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Friday, September 16, 2011



Simply as a side note, tangential: It was recently pointed out to me that, so far as we now know, while many other animals generate tears, man is the only animal that sheds them because of emotion. We are the only animal that weeps for another.


When it comes to evolution the question always is: did we evolve or not? If yes, then the question becomes: is it strictly a natural occurence as Darwin posits or did God guide the process of 15 billion years of cosmic/biological evolution? If He guided the process, then the question becomes: how and to what extent? Further questions that arise are: what does ancestral sin ("original sin" in the west) look like in an evolutionary model where our impulses and drives are explained as natural aspects of our natures? Also my favorite question: what the different species that will be the descendents of Homo sapiens???? Are they guaranteed to have "human" souls? If not, does that cause any metaphysical difficulties?

Mark Brumley

Good questions, Craig.

It would be helpful to think a bit about the question, "Is evolution strictly a natural occurence as Darwin posits or did God guide the process ...?" I don't think Darwin addressed the issue in such a way that we can adequately distinguish in him between a natural process in the sense of a feature of the natural world, from a natural process that rejects any dependence of the natural world (and through it the natural world's processes) on anything beyond it. The second view, as you probably know, is usually called philosophical naturalism. I don't think Darwin intended to frame the issues in such a way that God was necessarily excluded altogether from the issue of human existence, whatever may be the implications of Darwin's position. In other words, Darwin wasn't claiming that evolution necesarily entailed atheism. But it is clear that he sought to exclude God's intervention as the explanation for the diversity of organisms and instead appealed to natural processes as accounting for that diversity. That God may ultimately have been the "author" or source of nature, and therefore the source of the processes of nature, including evolution, does not seem to be incompatible with his presentation of evolution.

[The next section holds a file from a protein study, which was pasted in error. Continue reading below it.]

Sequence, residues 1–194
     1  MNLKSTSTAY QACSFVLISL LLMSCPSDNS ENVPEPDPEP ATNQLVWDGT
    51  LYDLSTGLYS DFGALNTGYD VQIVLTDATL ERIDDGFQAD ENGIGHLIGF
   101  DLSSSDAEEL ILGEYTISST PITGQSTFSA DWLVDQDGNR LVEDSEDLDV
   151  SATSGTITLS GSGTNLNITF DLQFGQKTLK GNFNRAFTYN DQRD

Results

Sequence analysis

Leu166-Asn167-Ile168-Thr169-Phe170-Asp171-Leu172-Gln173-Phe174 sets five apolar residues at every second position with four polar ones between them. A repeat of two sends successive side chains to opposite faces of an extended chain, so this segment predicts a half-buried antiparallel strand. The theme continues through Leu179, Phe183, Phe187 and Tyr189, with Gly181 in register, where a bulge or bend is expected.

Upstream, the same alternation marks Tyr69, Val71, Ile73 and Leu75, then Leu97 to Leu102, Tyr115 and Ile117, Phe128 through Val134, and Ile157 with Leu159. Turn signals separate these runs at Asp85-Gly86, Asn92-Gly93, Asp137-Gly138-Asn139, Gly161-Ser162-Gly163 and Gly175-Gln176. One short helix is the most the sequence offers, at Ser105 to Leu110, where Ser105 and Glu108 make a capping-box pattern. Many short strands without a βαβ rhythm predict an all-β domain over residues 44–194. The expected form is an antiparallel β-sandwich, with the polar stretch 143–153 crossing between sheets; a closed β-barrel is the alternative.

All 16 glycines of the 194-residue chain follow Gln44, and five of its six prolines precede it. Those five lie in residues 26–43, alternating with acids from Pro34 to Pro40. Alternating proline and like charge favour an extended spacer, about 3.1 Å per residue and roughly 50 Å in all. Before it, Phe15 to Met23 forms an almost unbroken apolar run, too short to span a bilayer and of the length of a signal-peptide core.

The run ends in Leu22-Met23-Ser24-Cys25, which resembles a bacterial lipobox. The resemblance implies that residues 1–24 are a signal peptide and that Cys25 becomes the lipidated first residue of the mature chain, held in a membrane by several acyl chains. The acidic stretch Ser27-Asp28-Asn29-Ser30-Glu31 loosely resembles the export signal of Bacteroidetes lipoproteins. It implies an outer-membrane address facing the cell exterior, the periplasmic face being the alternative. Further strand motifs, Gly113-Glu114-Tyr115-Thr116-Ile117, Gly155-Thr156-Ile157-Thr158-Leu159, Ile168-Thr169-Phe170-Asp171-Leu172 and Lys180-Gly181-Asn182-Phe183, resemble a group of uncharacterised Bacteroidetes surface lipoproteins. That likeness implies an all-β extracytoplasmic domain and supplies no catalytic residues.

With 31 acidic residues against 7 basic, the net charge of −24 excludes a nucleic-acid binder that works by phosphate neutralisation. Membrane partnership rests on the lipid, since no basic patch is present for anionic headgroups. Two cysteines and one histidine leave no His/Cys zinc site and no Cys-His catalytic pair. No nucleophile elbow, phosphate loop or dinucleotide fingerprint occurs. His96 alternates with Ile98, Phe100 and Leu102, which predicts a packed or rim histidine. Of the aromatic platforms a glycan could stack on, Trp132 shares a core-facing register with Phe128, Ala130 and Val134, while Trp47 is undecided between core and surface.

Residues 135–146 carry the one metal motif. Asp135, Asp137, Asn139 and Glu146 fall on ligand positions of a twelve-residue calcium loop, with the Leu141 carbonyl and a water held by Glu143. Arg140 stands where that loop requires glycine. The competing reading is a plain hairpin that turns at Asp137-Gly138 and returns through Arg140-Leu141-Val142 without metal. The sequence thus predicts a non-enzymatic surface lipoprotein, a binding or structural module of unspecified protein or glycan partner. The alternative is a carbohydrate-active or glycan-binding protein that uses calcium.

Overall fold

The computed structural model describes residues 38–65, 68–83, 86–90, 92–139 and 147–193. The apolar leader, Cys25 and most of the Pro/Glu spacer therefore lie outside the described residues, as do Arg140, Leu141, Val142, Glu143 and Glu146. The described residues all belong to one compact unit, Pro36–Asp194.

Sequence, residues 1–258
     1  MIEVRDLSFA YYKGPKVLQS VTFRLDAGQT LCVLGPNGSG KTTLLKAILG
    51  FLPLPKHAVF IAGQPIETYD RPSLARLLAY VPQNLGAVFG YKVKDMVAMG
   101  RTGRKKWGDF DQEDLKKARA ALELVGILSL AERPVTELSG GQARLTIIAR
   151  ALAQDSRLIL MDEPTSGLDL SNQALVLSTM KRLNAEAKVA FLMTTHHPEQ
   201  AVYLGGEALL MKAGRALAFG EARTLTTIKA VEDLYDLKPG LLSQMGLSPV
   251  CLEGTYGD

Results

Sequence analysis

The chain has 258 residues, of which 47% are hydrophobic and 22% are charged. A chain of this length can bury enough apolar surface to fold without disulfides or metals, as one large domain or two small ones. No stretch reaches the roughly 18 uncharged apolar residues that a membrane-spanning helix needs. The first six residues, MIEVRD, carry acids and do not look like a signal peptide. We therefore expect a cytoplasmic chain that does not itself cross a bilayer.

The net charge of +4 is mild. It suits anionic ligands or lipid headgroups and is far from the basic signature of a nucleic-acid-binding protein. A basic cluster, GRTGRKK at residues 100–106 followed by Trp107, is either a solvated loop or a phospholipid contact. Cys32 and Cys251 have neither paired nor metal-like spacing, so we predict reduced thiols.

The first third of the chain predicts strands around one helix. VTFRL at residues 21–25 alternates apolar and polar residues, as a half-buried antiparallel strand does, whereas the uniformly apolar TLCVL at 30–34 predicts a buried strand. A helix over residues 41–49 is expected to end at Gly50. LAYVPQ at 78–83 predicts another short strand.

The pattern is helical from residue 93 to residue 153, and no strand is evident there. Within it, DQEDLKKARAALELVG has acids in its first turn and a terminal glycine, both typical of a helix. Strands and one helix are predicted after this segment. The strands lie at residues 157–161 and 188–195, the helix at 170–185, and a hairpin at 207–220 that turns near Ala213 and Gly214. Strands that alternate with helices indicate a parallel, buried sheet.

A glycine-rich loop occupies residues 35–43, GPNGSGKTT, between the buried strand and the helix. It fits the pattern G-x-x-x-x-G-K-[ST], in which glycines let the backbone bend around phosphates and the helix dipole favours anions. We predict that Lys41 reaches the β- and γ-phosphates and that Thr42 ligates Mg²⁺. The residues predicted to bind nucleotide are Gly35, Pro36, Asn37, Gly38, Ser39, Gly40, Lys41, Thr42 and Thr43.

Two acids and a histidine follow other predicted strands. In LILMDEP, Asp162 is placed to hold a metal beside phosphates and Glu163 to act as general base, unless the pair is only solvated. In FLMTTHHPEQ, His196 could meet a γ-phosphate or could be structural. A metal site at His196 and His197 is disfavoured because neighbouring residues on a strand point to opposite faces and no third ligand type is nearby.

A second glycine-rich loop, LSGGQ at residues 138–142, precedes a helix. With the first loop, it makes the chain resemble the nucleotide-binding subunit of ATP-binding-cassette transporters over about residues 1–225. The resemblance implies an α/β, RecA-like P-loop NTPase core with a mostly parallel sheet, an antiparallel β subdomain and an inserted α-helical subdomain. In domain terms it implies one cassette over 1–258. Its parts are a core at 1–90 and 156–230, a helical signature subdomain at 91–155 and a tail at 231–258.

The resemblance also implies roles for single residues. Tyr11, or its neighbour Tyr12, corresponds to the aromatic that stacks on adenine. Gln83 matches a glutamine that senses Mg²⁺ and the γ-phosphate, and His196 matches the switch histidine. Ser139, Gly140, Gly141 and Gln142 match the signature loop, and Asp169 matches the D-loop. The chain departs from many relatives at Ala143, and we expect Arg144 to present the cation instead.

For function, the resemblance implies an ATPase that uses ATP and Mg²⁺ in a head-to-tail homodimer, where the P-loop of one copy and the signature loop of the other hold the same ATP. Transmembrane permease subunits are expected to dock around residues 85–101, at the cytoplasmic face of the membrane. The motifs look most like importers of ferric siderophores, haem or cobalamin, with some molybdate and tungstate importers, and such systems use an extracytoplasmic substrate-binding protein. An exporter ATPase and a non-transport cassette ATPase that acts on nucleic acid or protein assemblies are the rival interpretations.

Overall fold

Even so, the doctrine of creation is incompatible with Darwin's view of man as not radically different in kind from other animals. Even if one were to posit a natural process of evolution, one that does not entail God's intervention to account for the biological diversity of organisms, it seems that a more-than-natural (in the scientific sense of nature) explanation of man's intellectual and volitional abilities is still necessary.


My reading of Darwin (both of his books and of his life) is that he really believed life arose and developed independent of Divine action (despite some PC comments here and there to the contrary). Also, I think once one admits that natural selection occurs, it is not beyond reason or science to see the jump between chimps and humans. Faith in God is faith....esp. in the face of a complete lack of evidence. If you have not read "The Origin of Virtue" by Matt Ridley you should. He explains how our higher human qualities could be the product of blind evolution. Despite that...I still have faith in Christ and His Church, but I admit it is unreasonable and unscientific. (I've become much more eastern in that regard than scholastic). --Just my two cents...